Today's Top Stories

UK website claims 1,000 'citizen journalists'

"Citizen journalism" website Blottr began the latest phase of its UK roll last week, as it claimed to have 60,000 registered users and at least 1,000 contributors. Blottr is the brainchild of web entrepreneur Adam Baker, who said he first had the idea of creating a citizen journalism website after the 11 September attacks in New York. Now, with most of the UK’s newspaper publishers cutting staff he is confident that Blottr’s brand of citizen journalism can fill the void.

What Facebook’s latest updates mean for journalists

Vadim Lavrusik, Facebook’s Journalist Program Manager, is responsible for building and managing programs that help journalists, in various ways, make use of Facebook in their work. Here he explains Facebook’s recent design changes, including Subscribe, which enables readers to subscribe to journalists’ public updates, a redesigned News Feed, and Timeline, which showcases not only the most recent stories from a single user, but also contextualizes who that user is.

Kentucky Labor Institute Raises Labor’s Voice, Image

Dave Suetholz says he got fed up with “the right wing’s effective use of the echo chamber through its network of reactionary think tanks and media.” So the Kentucky labor lawyer climbed aboard his American-made Ford pickup truck and drove across the Bluegrass State seeking support for a Kentucky Labor Institute. His travels bore fruit, and seven months later the new institute has racked up an impressive record of labor activism.

Paper Tiger: Q&A With L.A. Times Pressman Ed Padgett

Ed Padgett works as a pressman at the L.A. Times’ Olympic Boulevard printing plant, a third-generation employee who has been with the paper 39 years. In this short interview, he says the company is "expecting a really bad fourth quarter. The senior vice president told us we’ve got three years more of printing the hard copy Times before they shut it down. Our plant manager says five years."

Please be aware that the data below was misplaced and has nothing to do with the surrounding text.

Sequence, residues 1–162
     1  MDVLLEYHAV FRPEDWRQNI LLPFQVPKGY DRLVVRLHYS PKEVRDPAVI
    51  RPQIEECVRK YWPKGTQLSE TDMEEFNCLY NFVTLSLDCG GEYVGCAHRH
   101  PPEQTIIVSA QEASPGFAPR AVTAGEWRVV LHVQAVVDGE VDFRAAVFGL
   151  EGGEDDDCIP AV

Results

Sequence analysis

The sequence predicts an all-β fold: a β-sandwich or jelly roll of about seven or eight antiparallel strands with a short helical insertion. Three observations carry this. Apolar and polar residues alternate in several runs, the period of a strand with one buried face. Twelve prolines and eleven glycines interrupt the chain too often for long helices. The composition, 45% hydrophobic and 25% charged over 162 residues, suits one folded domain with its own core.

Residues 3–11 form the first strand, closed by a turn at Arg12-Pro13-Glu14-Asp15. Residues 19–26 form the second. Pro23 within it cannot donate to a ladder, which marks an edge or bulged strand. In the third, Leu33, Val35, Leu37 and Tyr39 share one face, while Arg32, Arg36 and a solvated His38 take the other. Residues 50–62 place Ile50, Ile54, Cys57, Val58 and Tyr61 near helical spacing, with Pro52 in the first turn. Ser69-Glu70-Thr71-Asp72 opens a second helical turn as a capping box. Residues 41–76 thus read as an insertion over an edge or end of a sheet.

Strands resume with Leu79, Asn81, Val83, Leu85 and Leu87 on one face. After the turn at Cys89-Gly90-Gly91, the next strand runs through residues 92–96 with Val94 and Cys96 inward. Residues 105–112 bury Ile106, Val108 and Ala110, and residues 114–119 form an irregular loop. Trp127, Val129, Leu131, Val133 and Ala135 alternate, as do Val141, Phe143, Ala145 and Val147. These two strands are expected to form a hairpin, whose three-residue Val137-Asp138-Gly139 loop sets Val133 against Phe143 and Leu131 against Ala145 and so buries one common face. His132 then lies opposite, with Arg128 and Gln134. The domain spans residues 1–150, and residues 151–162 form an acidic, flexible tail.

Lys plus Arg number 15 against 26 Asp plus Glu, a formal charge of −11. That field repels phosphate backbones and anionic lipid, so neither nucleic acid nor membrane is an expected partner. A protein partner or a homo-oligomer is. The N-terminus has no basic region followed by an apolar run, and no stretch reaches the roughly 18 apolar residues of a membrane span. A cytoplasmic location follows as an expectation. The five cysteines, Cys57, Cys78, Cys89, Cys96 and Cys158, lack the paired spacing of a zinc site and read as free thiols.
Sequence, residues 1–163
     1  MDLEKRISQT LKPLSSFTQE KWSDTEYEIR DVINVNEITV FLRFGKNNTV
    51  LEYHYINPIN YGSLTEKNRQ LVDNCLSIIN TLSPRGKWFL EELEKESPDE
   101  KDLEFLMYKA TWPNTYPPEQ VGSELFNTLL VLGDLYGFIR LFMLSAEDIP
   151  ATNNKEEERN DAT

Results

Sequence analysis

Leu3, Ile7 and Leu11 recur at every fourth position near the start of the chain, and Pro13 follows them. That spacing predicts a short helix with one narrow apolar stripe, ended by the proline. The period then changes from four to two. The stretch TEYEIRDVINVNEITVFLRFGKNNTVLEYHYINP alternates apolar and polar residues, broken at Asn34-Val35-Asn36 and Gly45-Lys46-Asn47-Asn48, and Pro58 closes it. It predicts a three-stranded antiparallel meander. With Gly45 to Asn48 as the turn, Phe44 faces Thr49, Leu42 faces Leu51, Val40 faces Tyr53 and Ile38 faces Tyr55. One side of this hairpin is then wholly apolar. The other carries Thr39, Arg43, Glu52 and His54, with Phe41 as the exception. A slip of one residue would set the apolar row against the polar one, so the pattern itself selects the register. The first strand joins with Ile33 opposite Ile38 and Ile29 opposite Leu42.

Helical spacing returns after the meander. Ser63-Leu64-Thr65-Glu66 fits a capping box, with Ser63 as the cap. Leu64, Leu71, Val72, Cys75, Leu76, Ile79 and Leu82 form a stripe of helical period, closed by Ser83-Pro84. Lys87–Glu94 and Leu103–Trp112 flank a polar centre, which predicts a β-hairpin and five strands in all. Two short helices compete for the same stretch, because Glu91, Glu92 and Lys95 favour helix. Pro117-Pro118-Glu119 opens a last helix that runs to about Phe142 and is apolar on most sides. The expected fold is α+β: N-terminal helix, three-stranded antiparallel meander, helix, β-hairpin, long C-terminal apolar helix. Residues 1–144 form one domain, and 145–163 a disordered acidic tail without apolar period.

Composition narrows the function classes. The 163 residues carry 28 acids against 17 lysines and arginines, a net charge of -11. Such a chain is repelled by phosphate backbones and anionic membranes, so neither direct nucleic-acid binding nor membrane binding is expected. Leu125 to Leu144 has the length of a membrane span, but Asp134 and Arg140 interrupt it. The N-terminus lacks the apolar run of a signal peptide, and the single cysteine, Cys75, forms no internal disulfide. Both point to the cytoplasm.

#OccupyWallStreet bleeds and leads

None of the articles about the Occupy Wall Street protest captures what is distinctive about this occupation, or how it works, or what the protesters are doing for most of the day, or the courage they have shown in the face of the brutality. These are common oversights in press coverage of nonviolent resistance movements, but that doesn’t mean there’s any excuse.

Woman journalist is decapitated by Mexican drugs cartel over comments she made on social networking site

Police found a woman's decapitated body in a Mexican border city on Saturday, alongside a handwritten sign saying she was killed in retaliation for her postings on a social networking site. The victim was identified as Marisol Macias Castaneda, a newsroom manager for the Nuevo Laredo newspaper Primera Hora. The gruesome killing may be the third so far this month in which people in Nuevo Laredo were killed by a drug cartel for what they said on the internet.

Boeing saw risks, chose S.C. anyway

Boeing decided to locate a 787 Dreamliner plant outside the Seattle area to gain the upper hand with employee unions, concluding that goal trumped the new site's higher risks and expenses. Executives in 2009 assessed a new factory in Charleston, S.C., as having the highest danger of failing and worst consequences if it did. Their findings are outlined in presentations submitted as evidence in an NLRB lawsuit against the company.

Talks hit impasse at Victoria Times Colonist

An about-face by management of the Victoria Times Colonist has brought contract talks with three unions -- including the Victoria-Vancouver Island Newspaper Guild -- screeching to a halt. The Victoria Joint Council of Newspaper Unions says meetings planned for this week have been cancelled and no new dates have been scheduled. The impasse was reached when the employer attempted to reintroduce significant items the council believed had been removed.

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